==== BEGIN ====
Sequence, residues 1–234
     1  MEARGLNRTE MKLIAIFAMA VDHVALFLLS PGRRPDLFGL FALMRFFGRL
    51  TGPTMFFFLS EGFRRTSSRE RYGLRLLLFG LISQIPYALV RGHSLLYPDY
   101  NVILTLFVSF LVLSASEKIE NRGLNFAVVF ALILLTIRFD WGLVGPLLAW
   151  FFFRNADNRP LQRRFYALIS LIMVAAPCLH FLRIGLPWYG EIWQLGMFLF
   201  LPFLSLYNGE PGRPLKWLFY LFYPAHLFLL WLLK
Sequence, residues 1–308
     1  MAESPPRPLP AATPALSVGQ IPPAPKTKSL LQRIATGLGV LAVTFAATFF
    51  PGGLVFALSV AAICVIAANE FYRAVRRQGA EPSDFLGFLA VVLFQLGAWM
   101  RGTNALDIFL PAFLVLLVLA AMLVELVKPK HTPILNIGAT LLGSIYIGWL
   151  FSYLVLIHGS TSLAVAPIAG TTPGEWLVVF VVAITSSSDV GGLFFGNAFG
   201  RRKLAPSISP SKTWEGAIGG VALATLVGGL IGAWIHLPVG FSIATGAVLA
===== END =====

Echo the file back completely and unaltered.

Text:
Sequence, residues 1–234
     1  MEARGLNRTE MKLIAIFAMA VDHVALFLLS PGRRPDLFGL FALMRFFGRL
    51  TGPTMFFFLS EGFRRTSSRE RYGLRLLLFG LISQIPYALV RGHSLLYPDY
   101  NVILTLFVSF LVLSASEKIE NRGLNFAVVF ALILLTIRFD WGLVGPLLAW
   151  FFFRNADNRP LQRRFYALIS LIMVAAPCLH FLRIGLPWYG EIWQLGMFLF
   201  LPFLSLYNGE PGRPLKWLFY LFYPAHLFLL WLLK
Sequence, residues 1–308
     1  MAESPPRPLP AATPALSVGQ IPPAPKTKSL LQRIATGLGV LAVTFAATFF
    51  PGGLVFALSV AAICVIAANE FYRAVRRQGA EPSDFLGFLA VVLFQLGAWM
   101  RGTNALDIFL PAFLVLLVLA AMLVELVKPK HTPILNIGAT LLGSIYIGWL
   151  FSYLVLIHGS TSLAVAPIAG TTPGEWLVVF VVAITSSSDV GGLFFGNAFG
   201  RRKLAPSISP SKTWEGAIGG VALATLVGGL IGAWIHLPVG FSIATGAVLA